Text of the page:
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Receptor serine/threonine protein kinases in signalling: analysis of the erecta receptor-like kinase of Arabidopsis thaliana

Authors

  • Kevin A. Lease,

    1. 308 Tucker Hall, Division of Biological Sciences, University of Missouri-Columbia 65211, USA;
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  • Nelson Y. Lau,

    1. 544 Hitchcock Hall, Department of Botany, University of Washington, Box 355325, Seattle Washington 98195–5325, USA
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  • Robert A. Schuster,

    1. 544 Hitchcock Hall, Department of Botany, University of Washington, Box 355325, Seattle Washington 98195–5325, USA
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  • Keiko U. Torii,

    1. 544 Hitchcock Hall, Department of Botany, University of Washington, Box 355325, Seattle Washington 98195–5325, USA
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  • John C. Walker

    Corresponding author
    1. 308 Tucker Hall, Division of Biological Sciences, University of Missouri-Columbia 65211, USA;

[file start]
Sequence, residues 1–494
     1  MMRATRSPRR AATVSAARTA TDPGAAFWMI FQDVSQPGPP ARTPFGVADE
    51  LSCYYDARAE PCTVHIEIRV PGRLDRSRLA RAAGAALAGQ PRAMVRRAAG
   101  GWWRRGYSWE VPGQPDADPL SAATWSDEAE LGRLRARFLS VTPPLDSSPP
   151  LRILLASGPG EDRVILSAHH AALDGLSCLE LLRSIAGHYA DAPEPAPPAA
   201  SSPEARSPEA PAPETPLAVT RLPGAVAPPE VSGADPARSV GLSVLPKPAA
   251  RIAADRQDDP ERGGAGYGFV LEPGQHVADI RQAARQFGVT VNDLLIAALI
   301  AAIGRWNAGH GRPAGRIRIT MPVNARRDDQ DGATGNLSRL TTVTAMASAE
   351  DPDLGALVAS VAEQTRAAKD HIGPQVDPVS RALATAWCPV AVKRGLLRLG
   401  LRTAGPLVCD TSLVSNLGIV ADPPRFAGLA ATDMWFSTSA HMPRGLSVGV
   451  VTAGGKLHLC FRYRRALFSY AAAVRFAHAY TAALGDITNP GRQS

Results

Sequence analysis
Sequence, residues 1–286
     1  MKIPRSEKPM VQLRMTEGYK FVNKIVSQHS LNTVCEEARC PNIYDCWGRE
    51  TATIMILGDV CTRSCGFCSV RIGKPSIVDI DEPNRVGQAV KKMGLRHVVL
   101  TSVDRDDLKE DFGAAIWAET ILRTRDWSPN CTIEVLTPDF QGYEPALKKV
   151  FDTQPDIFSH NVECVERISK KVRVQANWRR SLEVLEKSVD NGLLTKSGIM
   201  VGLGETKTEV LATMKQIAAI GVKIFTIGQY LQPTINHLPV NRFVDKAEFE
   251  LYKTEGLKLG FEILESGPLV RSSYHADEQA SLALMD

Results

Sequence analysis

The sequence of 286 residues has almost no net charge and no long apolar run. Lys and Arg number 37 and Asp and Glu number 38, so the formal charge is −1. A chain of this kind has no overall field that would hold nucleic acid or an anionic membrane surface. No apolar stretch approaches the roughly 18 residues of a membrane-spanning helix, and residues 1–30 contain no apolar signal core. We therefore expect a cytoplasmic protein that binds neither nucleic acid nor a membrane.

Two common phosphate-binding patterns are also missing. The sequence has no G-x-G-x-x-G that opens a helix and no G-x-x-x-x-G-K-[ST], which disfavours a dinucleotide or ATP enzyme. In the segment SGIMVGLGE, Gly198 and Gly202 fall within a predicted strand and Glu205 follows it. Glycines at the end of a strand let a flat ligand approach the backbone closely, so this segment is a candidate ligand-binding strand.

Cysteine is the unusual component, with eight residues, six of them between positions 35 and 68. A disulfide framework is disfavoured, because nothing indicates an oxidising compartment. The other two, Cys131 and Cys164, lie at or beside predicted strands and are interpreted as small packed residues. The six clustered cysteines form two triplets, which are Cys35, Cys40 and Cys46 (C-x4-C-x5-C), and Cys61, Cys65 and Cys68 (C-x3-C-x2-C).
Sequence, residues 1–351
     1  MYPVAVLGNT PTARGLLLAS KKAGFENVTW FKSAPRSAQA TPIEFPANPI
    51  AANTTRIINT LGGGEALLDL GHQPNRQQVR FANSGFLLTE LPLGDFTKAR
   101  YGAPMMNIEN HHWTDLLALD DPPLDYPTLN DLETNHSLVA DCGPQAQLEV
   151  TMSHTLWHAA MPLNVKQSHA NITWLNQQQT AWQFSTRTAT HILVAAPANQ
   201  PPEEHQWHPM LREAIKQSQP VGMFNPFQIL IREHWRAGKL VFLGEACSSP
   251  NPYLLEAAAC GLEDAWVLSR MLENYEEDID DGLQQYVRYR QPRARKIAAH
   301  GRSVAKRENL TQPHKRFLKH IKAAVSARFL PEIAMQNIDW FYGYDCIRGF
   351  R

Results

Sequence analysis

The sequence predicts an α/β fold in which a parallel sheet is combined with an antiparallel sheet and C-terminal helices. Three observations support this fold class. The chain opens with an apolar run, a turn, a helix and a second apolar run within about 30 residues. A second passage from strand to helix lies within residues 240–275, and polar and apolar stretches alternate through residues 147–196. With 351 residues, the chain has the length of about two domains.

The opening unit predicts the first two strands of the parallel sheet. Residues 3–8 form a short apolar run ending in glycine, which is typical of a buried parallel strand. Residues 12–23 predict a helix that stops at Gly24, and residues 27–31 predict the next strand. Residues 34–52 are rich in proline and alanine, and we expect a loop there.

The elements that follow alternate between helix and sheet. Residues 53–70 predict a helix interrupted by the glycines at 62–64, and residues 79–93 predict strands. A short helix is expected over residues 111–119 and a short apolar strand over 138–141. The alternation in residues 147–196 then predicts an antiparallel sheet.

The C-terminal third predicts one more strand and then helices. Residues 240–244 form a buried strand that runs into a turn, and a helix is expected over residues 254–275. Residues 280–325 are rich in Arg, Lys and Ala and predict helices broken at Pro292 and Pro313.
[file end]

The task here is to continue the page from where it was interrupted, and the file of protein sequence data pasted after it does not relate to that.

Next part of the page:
Author for correspondence: John Walker Tel: +1 573 882–3583 Fax: +1 573 882–0123 Email:WalkerJ@Missouri.edu.
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Author for correspondence: John Walker Tel: +1 573 882–3583 Fax: +1 573 882–0123 Email:WalkerJ@Missouri.edu.

Summary

The Arabidopsis ERECTA (ER) gene regulates elongation of above-ground organs. ER encodes a member of the leucine-rich repeats–receptor-like protein kinases (LRR–RLK) gene family, with the predicted protein containing a signal peptide, 20 leucine-rich repeats in the extracellular domain, a transmembrane domain, and a cytoplasmic serine/threonine protein kinase domain. The structural features of the predicted ER protein suggest its role in cell–cell signalling is through phosphorylating serine/threonine residues. Consistent with this hypothesis, in vitro protein kinase analysis indicates that ER is a functional serine/threonine protein kinase. Furthermore, a large-scale genetic screen was conducted to analyse new mutations in the erecta gene; 16 new er alleles were isolated, all of which were recessive. Here we present the identification of molecular lesions of seven alleles of er, which suggests the hypothesis that ERECTA might employ a mode of action distinct from other RLKs such as Xa21 or CLAVATA1, which function in disease resistance and developmental pathways, respectively.

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